For the last 18 months, companies have been busy “writing off” losses… basically devaluing their stated assets, so that their balance sheets actually balance.  Every time they recognize a loss, the perceived value of the company falls, the stock value drops, as does the market cap– the owner’s equity and asset values drops in correspondence with one another.

Now, financial institutions require capital to perform day-to-day operations.  Right now, because banks don’t know the value of their assets, they can’t sell them, and they can’t value the assets (or themselves) as a result.  Investors won’t invest, because they don’t believe the write-offs have finished.  And nobody will lend to them, because they’re worried the bank will go under at any moment.  The rating agencies downgrade their credit worthiness, and the cycle exacerbates.

Newt Gingrich says these liquidity issues rest at the feet of accounting practices requiring the banks to “mark” the price of their assets to their “market” value.  If only they could mark to “economic value”… or historical cost, they lending would continue and the crisis of “chasing a rabbit down the hill” could be averted.

Well, let me put it to you this way, Newt:

If I’m a chicken farmer, and all of my chickens die, I’m out inventory.  Nobody wants to buy my dead chickens.  My company isn’t going to become any more valuable if I’m suddenly allowed to mark my dead chickens at their historical price.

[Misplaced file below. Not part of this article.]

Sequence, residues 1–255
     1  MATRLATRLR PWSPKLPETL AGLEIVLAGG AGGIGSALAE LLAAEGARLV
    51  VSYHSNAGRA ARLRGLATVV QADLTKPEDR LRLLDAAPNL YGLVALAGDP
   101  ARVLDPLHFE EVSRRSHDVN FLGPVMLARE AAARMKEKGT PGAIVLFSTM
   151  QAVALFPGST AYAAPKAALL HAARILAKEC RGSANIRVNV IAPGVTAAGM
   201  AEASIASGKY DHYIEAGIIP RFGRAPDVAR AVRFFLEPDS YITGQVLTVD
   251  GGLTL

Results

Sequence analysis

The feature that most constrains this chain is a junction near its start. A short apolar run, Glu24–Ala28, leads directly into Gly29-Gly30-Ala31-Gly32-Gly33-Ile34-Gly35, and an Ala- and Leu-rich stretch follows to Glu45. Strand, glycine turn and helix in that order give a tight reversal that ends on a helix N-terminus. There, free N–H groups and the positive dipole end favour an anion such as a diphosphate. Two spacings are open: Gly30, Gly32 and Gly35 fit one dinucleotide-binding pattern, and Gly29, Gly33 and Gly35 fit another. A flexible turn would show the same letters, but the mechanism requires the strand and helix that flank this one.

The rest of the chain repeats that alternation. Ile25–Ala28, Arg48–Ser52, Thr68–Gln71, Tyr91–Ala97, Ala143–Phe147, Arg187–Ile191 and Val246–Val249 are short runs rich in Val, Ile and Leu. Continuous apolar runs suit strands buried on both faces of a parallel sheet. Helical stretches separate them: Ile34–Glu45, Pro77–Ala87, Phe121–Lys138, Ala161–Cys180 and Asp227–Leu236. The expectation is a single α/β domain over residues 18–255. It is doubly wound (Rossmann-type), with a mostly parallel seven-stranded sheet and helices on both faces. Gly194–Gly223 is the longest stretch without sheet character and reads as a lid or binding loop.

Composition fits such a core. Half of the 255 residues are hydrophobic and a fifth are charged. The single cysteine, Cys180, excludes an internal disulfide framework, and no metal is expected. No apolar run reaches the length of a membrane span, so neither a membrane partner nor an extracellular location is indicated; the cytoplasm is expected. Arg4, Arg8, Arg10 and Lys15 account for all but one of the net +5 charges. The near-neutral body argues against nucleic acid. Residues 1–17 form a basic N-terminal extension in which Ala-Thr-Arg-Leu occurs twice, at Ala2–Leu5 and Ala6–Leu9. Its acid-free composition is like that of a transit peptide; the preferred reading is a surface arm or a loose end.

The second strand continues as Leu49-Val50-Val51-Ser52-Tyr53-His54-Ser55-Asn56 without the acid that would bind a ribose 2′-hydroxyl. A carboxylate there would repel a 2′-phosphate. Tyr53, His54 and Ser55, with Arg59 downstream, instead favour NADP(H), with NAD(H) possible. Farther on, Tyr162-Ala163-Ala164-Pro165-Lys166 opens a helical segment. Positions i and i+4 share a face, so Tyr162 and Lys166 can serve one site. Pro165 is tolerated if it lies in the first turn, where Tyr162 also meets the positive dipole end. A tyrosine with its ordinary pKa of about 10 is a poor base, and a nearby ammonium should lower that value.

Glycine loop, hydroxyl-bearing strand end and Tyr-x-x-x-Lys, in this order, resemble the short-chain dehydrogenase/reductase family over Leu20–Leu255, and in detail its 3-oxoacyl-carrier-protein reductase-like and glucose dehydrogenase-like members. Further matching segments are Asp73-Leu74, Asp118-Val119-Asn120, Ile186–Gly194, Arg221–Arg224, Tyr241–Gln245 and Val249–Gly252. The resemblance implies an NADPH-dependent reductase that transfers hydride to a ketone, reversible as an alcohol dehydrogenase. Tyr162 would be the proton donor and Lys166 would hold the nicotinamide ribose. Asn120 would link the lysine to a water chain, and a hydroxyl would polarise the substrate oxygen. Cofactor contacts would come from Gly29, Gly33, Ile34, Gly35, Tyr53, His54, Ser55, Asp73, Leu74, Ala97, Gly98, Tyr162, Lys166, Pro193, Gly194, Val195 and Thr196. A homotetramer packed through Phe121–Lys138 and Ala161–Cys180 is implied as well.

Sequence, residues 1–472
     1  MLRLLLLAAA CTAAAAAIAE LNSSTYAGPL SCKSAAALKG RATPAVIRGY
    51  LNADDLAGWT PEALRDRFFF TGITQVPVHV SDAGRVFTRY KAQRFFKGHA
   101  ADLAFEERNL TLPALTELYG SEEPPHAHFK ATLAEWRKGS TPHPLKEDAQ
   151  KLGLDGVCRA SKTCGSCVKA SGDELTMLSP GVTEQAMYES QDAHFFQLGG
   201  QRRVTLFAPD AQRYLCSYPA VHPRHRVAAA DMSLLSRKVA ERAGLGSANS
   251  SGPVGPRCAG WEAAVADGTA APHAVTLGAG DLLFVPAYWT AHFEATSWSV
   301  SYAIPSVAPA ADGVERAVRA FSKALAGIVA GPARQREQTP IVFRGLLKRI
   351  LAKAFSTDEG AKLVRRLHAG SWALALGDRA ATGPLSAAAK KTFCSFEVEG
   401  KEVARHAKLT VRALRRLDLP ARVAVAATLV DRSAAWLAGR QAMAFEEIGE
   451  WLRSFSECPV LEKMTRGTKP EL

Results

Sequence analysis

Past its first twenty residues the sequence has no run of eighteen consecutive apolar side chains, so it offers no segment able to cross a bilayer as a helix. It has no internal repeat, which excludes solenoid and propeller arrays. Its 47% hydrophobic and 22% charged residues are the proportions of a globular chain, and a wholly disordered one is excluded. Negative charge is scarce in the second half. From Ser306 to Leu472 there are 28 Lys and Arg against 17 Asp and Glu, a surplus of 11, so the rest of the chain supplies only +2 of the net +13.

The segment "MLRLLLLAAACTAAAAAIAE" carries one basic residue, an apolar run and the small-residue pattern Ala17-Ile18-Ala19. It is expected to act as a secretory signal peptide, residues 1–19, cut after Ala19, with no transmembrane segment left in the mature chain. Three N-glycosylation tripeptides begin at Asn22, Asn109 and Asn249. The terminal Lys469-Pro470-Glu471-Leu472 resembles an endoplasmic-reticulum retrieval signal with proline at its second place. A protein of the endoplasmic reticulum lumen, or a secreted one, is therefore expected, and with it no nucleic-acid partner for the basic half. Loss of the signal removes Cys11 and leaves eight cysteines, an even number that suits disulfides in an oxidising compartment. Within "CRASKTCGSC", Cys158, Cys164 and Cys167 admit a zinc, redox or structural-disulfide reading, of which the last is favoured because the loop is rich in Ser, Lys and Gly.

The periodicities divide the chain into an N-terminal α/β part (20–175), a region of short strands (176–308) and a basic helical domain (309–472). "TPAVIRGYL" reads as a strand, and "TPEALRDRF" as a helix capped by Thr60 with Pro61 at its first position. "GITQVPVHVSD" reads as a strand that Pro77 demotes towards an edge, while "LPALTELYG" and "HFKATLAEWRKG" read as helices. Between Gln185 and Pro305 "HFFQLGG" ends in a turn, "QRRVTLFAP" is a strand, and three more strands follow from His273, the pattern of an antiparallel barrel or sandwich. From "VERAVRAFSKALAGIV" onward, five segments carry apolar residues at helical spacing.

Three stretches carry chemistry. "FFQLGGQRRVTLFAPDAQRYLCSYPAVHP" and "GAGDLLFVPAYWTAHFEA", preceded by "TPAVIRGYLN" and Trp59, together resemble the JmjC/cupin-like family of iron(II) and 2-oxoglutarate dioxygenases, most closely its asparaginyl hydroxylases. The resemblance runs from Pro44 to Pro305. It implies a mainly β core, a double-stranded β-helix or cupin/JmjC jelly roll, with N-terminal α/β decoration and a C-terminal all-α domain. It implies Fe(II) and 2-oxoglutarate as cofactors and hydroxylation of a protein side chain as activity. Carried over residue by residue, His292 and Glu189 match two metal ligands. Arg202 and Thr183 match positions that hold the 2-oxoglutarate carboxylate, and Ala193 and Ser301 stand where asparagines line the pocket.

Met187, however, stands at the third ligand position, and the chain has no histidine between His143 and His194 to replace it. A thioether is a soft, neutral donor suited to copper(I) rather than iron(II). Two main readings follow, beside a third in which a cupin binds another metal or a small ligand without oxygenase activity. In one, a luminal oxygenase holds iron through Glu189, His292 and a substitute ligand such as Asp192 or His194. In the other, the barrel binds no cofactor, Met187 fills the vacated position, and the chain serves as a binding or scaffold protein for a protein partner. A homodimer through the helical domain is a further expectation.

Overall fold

Categories: Opinion
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On Financial Literacy

July 21, 2008 · 1 Comment

Last month I mentioned that for the first time, I had a floating balance on my credit card.  While I wasn’t able to acquire a new card to do a balance transfer (I lack a permanent address at the moment), I was able to call and talk down my interest rate from 17.99% to 11.99%, saving myself a few bucks in the process.

I wouldn’t have known that I could even do that until I conducted research into balance transfers.  Indeed, I had to admit:

It’s strange that it took me until the age of 25 to seriously research and understand basic personal credit.  I really wish personal finance would have been a “home-ec” type class in high-school.  Ah well.  Live and learn.

Well, as it turns out, my ignorance/inexperience is (unsurprisingly) indicative of our nation at large.  Over at Freakonomics, Stephen Dubner links to Professor Annamaria Lusardi at Dartmouth.  Professor Lusardi does survey research on how well Americans approaching retirement age understand basic (and I do mean basic) financial concepts.  The results are dismal.

In an interview with Professor Lusardi, Dubner asks:  “If you were President for a day, what are five concepts of financial literacy you would try to have taught to everyone?”  She responds:

1. Basics of how markets work. Things like: it is the law of demand and supply that determines prices in competitive markets, and the interest rate is the price of money.